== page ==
But there is still a long way to go when it comes to modernising the process. Electronic signatures on legal documents is still an issue and centralisation of information in this sector lags a long way behind how other industries are currently operating.
Advice for Property Investors
When it comes to purchasing a property the best advice for investors is to do as much in advance of putting in your offer as possible. This means you want your team together, have your finance in-place, your legal side covered. If you are fully prepared, it is possible to complete on a property in only fourteen days.
As we've always advised on this blog, you should never go into the property business, without a strategy. There is money to be made but there is money to be lost, as well. So, you need to spend some time educating yourself, doing your research and when it comes to taking action, make sure your due diligence is done.
Here are 4 pointers from Pam, that every property investor needs to bear in mind.
- You're Swimming in Red Water
Unlike blue water, red water is where the sharks are and you don't want to go swimming unless you are cautious and prepared. Property is a great business but there are, unquestionably, sharks around.
- Research the Local Market
You don't want to enter a market that is 'tapped-out' either through lack of demand or local regulation.
- Put Together a Finance Pitch
Let's say you want to do something a little different such as converting a pub into residential housing, then you are going to have to raise some finance either as development finance or from a bridging loan. For this, you are going to have to be able to make an effective pitch.
- Getting Your Team Together
If you have your team pre-assembled and ready to go before the project starts, then everything will move faster. This is as true for your solicitor as with your builders. Contact your solicitor before you even find a property and you will complete much, much faster.
What Should an Investor Expect from their Conveyancing Solicitor?
If your conveyancing solicitor is giving you lots of advice about your property investment, including investment advice or guidance on tax, then maybe they are not focussing so much on what they should be doing which is work around the legal title and ultimately the future marketability of that title.
Conveyancing involves ‘titles’ and the marketability of those titles and your conveyancing solicitor should not be advising an investor on their investments, taxes or portfolio. There are other experts for that.
They are there to help with the difference between leasehold and freehold, to advise on grounds rents or rent charges; on encumbrances or restrictive covenants. Or in instances where you want to achieve something legally complex, such as converting a house to flats, where you need a freehold title split into apartment leases, this is where a solicitor can help.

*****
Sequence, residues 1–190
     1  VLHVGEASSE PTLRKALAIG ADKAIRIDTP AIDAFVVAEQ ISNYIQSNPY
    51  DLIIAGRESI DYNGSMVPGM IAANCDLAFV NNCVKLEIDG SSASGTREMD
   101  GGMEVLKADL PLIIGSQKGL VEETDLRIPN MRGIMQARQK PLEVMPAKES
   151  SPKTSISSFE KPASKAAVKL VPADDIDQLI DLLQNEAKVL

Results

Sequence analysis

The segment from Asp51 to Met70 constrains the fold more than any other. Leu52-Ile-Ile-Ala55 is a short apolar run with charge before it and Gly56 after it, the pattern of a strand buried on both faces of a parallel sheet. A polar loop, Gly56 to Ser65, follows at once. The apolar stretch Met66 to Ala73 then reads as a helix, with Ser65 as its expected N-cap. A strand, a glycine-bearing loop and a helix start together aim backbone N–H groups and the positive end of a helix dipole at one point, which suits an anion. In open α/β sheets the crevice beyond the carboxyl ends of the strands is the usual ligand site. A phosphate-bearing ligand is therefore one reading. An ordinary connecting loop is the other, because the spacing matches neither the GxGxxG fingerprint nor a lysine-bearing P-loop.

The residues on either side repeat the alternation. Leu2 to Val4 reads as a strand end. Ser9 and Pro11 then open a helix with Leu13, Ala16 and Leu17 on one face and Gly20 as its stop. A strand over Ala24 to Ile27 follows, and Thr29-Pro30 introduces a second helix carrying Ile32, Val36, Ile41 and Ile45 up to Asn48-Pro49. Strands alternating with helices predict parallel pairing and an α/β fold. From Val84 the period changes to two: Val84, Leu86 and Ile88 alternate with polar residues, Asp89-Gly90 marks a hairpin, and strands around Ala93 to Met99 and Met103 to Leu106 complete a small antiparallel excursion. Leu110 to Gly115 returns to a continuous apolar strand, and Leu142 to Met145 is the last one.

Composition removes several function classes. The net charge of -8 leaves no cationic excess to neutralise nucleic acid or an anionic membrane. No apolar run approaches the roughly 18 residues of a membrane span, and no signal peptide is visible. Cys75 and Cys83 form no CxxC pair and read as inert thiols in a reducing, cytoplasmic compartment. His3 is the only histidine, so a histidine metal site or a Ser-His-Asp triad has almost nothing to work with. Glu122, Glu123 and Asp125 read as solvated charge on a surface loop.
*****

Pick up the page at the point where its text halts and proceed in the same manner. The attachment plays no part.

But all of these things are aspects of the legal title and if your conveyancing solicitor is going beyond those things, it can be a sign that they are not properly focussed on the role they should be playing.
How an Investor can Help Move the Conveyancing Process Along
It is more than possible to buy property very quickly but there are risks in doing so. To manage to buy a property quickly you need to have everything in place before approaching your solicitor. This means having your finance in place, knowing who actually owns the property and getting the title from the Land Registry.
The trick to achieving a speedy purchase is to do as much as possible, up front. So, if you want to buy a house in a 14-day timescale it is best to download the title from the Land Registry (£3) and look at it before you go to your solicitor and you need to make sure that the person who is selling the property is the person who actually owns it.
Register with your solicitor in advance and make sure that they have copies of your ID and everything needed to safeguard against money laundering. Bear in mind that if you are already registered with a solicitor, they may still need update IDs.
And of course have the finance you need organised, well in advance.
If you do these three things, then your solicitor will be in a position to act quickly. 14 days is possible, it can sometimes be completed in 3. And if you are a cash-buyer it can even be done in 48 hours but there are risks attached to moving this quickly.
The Dos and Don'ts of Investing in Property
In the final video, calling from personal experience and anecdotes, Pam looks at some of dos and don'ts, of investing in property and working in the industry, more generally.
Don’t Put All Your Eggs in One Basket
Buying 5 houses on one street can be a big mistake if something happens in the local area, buying only one property type can cause a headache should the market change and working with just one particular supplier or partner can be a problem should something suddenly change. Diversification, in property, is key.
Anything is Possible
Whether it’s securing finance in unusual circumstances or finding yourself over-invested in a tapped-out market all objectives in the property business have countless solutions and anything is possible. The trick is to keep pushing forward, keep learning and don’t give up.